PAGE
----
Inkwell Editorial

Freelance Writing Insight: Why ‘Follow Your Passion’ Is the World’s Worst Career Advice

Published by Yuwanda Black, Site Editor


Written by Yuwanda Black

I get emails from wannabe freelancers all the time saying things like, “You’re so lucky. It must be nice to be able to do what you love for a living.” This, of course, is a statement that assumes that because I’m a freelance writer, I ‘followed my passion.’ And to be perfectly honest, this couldn’t be further from the truth.

I ran across a post online last week entitled, “Why ‘Follow Your Passion’ Is the World’s Worst Career Advice“. This part in particular resonated with me …

“There are plenty of people who are extremely successful doing things they’re not exactly passionate about. They just happen to be very good at what they do.”

This is me in a nutshell. I kind of fell into freelance writing, as I talk about in ““Living the Freelance Life,” the free ebook you get when you subscribe to Inkwell Editorial’s newsletter. The thing I love most about my career is NOT what I do (ie, writing), it’s the life it allows me to lead (eg, work from anywhere, travel and control my income).

What My Business Mentor Told Me About ‘Following a Passion’

I had a business mentor years ago who said this same thing, ie, following your passion may not be the wisest course of action. In fact, he said, following your passion can be detrimental to your success. … Have you awakened from passing out? Are you still in shock? I know; not exactly what you’re used to being told, right? There there sweetie, it’ll be fine, I promise.

Should you follow your passion?Now you may be wondering, how could following my passion hurt my chances of success? It’s simple really … because you run the danger of overlooking or bypassing opportunities that could be highly lucrative while you’re chasing a dream that is never going to come true.

My business mentor basically told me to find something that I liked doing well enough, that I was good at, that paid well — because being poor doing something you love can make you miserable as well. This assumes that financial success is important to you, of course. And while money is not the be all and end all, as I heard Cher say one time, “I’ve been rich and I’ve been poor. Being rich is definitely better.”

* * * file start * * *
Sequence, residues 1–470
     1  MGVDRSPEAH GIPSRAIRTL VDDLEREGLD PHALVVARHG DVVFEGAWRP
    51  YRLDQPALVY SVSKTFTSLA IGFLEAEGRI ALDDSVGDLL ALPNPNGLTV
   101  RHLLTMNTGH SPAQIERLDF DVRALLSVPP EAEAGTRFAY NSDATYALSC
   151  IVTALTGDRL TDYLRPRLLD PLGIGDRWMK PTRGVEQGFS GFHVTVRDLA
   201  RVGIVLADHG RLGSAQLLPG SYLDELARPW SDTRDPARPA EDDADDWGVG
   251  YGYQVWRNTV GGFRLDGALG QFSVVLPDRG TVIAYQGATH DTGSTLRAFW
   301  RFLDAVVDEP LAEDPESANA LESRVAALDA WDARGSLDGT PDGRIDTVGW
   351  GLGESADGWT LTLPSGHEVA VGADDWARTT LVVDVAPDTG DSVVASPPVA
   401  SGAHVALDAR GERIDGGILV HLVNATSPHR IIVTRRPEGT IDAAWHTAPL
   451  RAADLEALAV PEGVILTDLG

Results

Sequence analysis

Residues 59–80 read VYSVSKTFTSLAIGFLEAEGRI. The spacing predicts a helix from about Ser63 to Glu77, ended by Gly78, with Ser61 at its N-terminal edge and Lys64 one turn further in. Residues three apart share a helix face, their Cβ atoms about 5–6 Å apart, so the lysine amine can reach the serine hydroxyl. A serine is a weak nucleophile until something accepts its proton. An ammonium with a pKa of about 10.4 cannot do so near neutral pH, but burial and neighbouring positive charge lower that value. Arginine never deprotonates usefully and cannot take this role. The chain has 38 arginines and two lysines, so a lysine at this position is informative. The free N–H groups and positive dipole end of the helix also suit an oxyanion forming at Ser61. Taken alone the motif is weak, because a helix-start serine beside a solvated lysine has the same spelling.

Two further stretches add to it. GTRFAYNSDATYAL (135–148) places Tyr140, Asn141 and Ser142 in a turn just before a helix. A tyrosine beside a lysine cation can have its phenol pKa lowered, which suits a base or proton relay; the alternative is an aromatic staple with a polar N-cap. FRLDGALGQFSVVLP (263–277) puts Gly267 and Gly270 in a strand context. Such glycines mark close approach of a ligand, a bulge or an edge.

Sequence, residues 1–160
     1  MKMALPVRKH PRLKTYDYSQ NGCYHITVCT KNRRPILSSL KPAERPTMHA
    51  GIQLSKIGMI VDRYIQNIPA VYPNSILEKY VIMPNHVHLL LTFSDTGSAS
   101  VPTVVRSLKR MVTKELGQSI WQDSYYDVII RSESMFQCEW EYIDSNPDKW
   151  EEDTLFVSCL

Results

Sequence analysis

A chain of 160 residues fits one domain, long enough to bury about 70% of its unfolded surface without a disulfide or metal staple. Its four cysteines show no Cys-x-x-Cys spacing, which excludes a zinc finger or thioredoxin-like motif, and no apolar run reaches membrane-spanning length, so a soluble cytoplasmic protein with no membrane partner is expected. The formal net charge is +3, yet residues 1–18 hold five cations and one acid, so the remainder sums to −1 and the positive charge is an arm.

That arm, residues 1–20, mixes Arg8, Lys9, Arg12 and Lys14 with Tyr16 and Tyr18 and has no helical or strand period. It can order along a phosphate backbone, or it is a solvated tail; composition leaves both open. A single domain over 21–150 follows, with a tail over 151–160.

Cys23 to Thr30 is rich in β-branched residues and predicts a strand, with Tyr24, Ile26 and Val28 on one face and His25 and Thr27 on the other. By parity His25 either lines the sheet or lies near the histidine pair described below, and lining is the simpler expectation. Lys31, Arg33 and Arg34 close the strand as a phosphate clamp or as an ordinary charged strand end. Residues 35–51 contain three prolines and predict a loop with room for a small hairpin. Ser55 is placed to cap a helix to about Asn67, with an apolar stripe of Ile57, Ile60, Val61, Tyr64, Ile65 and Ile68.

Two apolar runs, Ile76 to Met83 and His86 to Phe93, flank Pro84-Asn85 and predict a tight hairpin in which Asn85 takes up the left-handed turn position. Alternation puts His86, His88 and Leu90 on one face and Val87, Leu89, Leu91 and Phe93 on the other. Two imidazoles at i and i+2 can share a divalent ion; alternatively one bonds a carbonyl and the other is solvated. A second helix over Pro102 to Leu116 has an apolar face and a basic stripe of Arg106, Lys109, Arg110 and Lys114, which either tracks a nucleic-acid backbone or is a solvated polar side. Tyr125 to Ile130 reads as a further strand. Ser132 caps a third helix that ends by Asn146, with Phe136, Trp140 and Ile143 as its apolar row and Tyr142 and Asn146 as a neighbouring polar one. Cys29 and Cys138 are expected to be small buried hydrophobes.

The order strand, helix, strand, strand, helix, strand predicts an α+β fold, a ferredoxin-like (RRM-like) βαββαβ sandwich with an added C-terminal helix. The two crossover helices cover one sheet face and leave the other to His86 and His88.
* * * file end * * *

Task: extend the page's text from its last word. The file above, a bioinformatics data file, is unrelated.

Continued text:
As an aside, my business mentor had a very successful staffing company, which he sold for something like $30 million dollars. He said he never really cared for staffing, but he didn’t hate it either – it was just a business; one that allowed him to provide really well for his family. He was the happiest retired person I ever met (besides one of my uncles). I think it was because he had financial freedom, and because he’d retired from a career he’d never been too emotionally invested in in the first place.

Why This Career Advice Resonated with Me – and Possibly Will With You Too

While I realize many may not agree with this advice/way of approaching a career, it resonated with me because the thing I was/am passionate about (acting) was not something I was willing to sacrifice for long enough to make a living at. I enjoy acting immensely, and it is the one thing I’d do for free — if/when my bills are paid.

So then, you may be thinking, “Are you really passionate about it if you’re not willing to sacrifice for it?” The answer is, “Yes, I am.” BUT, I also happen to be a realist and financial security was/is more important to me than chasing a dream like acting, which I did for several years while living in New York.

I realized that there were so many external factors that were so outside of my control though that my success as an actress depended on, that I didn’t want to chance that I’d be old and broke. I remember once I was told by a casting director that my earlobes were uneven. I was like, “What?!” in my head. Looking back, I think it was then that I realized, “This acting thing may not be the best career choice — too much is out of your control.”

Hence, my foray into freelance writing. I control how much I earn; when I work; how I work; with whom I work; etc. Yes, classic Type A personality control issues at work here. I like having control.

So while I hope to get back to acting one day — in a fun, community theater kind of way; not to make a living — I’ve never regretted my decision NOT to follow my “passion.”

Debunking the ‘Follow Your Passion’ Ethos

Apparently, lots of others are falling out of love with this advice too. Here are a few articles I ran into that debunk this advice.

Why ‘Follow Your Passion’ Is Awful, Flawed Advice

‘FOLLOW YOUR PASSION’ IS CRAPPY ADVICE: Love this part of this post …

You advocate cultivating your passion, instead of following your passion. What are the key differences?

“Follow” implies that you discover the passion in advance then go match it to a job. At which point, you’re done.

“Cultivate” implies that you work toward building passion for your job. This is a longer process but it’s way more likely to pay dividends. It requires you to approach your work like a craftsman. Honing your ability, and then leveraging your value, once good, to shape your working life toward the type of lifestyle that resonates with you.

Steve Jobs destroyed the ‘follow your passion’ myth just before he died

Your thoughts? Do you think this is good career advice? Is it advice you follow? Please share in the comments section below.

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Posted on November 9, 2015 
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